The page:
You are reading

Huge sculpture is being moved to Western Queens


Feb. 12, 2014 By Michael Florio

A massive sculpture of a reclining woman will be resting on the western Queens shoreline this summer.

The sculpture, titled “Queen Mother of Reality”, is 50-feet long and 18-feet high and is made out of reclaimed materials, such as steel scraps. It will be on display from May 11th until August 4th at Socrates Sculpture Park, which is located at 32-01 Vernon Blvd.

The sculpture, designed by Polish artist Pawel Althamer, had been on display at East River State Park in Williamsburg—but had to be removed.

The state, which oversees the Williamsburg park, ordered that it had to come down last November because it was erected without a permit.

Althamer and a team of artists will be reassembling it at Socrates Sculpture Park next to the East River.

The sculpture was created in honor of Queen Mother Dr. Delois Blakely, a well-known Harlem activist.

“Queen Mother of Reality serves as a call to highlight New York City’s too numerous displaced and homeless, one of Dr. Blakely’s urgent causes,” according to a Socrates Sculpture Park statement.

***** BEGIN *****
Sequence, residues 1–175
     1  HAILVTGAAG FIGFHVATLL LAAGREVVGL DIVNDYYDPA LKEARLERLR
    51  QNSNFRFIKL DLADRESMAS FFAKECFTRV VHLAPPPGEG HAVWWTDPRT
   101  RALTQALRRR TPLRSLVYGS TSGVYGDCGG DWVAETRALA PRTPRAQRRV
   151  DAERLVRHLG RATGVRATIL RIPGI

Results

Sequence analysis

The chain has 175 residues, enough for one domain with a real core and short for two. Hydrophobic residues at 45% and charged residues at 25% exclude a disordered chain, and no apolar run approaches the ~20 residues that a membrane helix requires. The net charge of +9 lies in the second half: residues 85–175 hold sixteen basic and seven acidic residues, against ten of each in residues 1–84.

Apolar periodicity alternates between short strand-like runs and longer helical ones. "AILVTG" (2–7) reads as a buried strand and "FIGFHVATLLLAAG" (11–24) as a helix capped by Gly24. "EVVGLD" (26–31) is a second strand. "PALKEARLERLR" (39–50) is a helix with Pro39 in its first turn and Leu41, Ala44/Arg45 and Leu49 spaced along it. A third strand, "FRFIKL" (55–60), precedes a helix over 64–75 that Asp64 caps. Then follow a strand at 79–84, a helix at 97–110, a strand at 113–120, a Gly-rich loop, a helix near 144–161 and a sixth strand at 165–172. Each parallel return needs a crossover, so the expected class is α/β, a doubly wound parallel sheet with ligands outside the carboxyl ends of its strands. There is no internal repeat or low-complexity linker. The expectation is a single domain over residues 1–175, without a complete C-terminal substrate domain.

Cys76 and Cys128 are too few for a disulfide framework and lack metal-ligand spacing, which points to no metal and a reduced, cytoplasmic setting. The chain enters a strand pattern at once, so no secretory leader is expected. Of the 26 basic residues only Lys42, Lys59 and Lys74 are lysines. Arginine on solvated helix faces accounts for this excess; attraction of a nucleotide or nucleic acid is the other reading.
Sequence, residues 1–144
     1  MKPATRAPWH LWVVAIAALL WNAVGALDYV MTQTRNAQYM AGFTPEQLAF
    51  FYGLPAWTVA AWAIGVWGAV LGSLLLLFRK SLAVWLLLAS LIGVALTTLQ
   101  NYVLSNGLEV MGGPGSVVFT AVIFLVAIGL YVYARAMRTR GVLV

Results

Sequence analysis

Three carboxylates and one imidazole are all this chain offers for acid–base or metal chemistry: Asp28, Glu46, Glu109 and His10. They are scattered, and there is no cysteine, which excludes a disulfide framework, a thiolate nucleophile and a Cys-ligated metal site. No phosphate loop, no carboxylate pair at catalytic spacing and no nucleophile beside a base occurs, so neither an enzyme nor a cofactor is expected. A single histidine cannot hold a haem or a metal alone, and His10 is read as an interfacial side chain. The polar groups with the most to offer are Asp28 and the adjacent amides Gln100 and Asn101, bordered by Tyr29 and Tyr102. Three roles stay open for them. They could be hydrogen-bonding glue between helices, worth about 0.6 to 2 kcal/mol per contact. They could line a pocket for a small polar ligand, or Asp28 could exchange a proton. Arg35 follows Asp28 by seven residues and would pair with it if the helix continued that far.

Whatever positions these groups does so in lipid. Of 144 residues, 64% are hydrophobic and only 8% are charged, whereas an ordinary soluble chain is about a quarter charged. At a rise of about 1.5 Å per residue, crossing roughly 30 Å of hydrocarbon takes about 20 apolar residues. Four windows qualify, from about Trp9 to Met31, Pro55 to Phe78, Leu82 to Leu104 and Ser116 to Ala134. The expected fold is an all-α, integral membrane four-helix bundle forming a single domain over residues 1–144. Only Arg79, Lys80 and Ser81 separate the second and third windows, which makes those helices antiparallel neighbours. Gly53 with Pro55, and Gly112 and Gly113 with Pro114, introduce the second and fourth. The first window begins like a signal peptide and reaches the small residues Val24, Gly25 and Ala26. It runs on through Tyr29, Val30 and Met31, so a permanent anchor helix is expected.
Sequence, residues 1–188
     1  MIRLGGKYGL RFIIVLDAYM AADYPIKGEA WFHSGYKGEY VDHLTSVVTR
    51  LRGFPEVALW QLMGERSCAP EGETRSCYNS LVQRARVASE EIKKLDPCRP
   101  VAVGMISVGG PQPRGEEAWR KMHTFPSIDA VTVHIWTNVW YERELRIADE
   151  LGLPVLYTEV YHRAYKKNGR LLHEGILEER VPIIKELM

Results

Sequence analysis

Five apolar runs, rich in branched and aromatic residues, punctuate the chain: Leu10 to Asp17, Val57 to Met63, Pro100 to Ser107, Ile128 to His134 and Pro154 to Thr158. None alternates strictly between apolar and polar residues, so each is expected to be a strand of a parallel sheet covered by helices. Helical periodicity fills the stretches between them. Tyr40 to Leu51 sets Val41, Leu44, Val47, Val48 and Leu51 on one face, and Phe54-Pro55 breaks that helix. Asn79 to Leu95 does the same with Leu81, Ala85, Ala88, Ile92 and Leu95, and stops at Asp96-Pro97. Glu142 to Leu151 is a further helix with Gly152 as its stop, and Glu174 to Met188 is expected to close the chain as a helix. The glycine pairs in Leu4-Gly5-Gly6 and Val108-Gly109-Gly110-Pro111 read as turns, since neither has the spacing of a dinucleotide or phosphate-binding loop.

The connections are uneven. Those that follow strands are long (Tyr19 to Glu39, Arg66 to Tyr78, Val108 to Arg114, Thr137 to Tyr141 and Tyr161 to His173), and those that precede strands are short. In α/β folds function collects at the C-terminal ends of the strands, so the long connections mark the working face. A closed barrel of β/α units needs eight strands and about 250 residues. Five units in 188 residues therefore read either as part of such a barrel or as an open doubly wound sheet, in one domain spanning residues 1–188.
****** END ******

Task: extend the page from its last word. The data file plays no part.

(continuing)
There will be programming and viewing events on the opening day and throughout the summer, but those will be announced this spring, said Katie Denny, a spokeswoman for the park.

It has not yet been decided what will happen to the sculpture after the summer.

“We do not have any plans for the sculpture after August,” Denny said.

email the author:

One Comment

Click for Comments 

Leave a Comment
Reply to this Comment

All comments are subject to moderation before being posted.

This site is protected by reCAPTCHA and the Google Privacy Policy and Terms of Service apply.

Recent News

AG James announces dismantling of Queens-based ghost gun trafficking operation

New York Attorney General Letitia James announced Wednesday the takedown of a prolific Queens-based gun trafficking crew accused of selling firearms and ammo at an East Elmhurst playground, the Queens Center Mall and other locations around the borough.

James secured a 625-count indictment charging five men for participating in the gun smuggling ring, which involved selling dozens of ghost guns, assault weapons, high-capacity magazines and hundreds of rounds of ammunition.